On Sunday, it became known that with the help of the Israeli technology company NSO‘s spy software “Pegasus”, about 50,000 mobile phones of journalists, NGO staff, politicians and human rights activists, among others, were hacked and spied on. MEP and digital freedom fighter Patrick Breyer (Pirate Party) is now calling on the EU Commission to hold mobile phone technology manufacturers accountable:
“The phone hacking attacks and the ransomware cases have a common cause: security bugs nowadays endanger human lives. In the age of the digital revolution, commercial manufacturers bear a responsibility and should be liable for damages if security bugs are their fault. The Commission should respond to the latest disaster soon and back up its alarmed rhetorics with action.”
In a written question submitted today, Breyer wants to know specifically from the European Commission:
- Will the Commission propose legislation obliging commercial IT manufacturers to fix vulnerabilities and provide patches within a reasonable timeframe after their discovery, and provide for manufacturer liability in case of failure to do so?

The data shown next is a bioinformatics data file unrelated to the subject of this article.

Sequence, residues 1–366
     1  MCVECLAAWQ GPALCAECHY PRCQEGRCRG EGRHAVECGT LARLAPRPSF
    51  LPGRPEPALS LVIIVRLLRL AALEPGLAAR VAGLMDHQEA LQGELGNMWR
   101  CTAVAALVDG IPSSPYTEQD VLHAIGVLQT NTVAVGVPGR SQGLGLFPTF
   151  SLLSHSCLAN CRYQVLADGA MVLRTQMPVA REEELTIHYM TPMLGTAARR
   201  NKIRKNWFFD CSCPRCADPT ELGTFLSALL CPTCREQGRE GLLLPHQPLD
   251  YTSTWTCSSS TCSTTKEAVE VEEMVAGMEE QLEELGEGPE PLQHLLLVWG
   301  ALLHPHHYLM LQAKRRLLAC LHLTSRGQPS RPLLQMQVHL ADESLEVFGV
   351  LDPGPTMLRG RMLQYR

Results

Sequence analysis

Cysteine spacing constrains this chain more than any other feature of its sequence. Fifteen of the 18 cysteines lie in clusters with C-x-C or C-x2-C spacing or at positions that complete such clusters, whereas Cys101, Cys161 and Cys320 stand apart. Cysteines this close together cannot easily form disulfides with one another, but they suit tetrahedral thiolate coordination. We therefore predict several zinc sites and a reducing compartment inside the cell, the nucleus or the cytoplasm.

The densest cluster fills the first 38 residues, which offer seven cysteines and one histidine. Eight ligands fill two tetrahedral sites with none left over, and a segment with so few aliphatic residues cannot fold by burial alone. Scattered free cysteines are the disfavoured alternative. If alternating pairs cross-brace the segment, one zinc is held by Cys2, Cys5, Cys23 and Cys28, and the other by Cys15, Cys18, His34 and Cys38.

- What else could the legislator do to improve the security posture of mobile devices and mitigate the risks of attacks?
- Hungarian authorities are suspected to have monitored the smartphones of journalists and politicians using spyware. How will the Commission address this allegation?“
The Pirates European Election Programme reads: “With the Internet of Things, computers are starting to influence the world in direct and physical ways (e.g. car or hospital technology). IT devices that are insecure and vulnerable to integrity and availability threats increasingly endanger our lives and property. We can no longer afford security disasters to occur on a regular basis. … PIRATES want to oblige commercial manufacturers of IT equipment to provide regular updates for a reasonable period of time. If updates to fix vulnerabilities are not provided within a reasonable period of time after their discovery, commercial manufacturers should be held liable for the consequences. If a manufacturer decides to abandon a product that is still widely used, the source code and development tools should be made public so that the community can maintain it. Authorities must be required to disclose any vulnerabilities they either acquire or become aware of. There must be no backdoors in encryption technologies as this weakens and compromises the integrity and security of all systems.”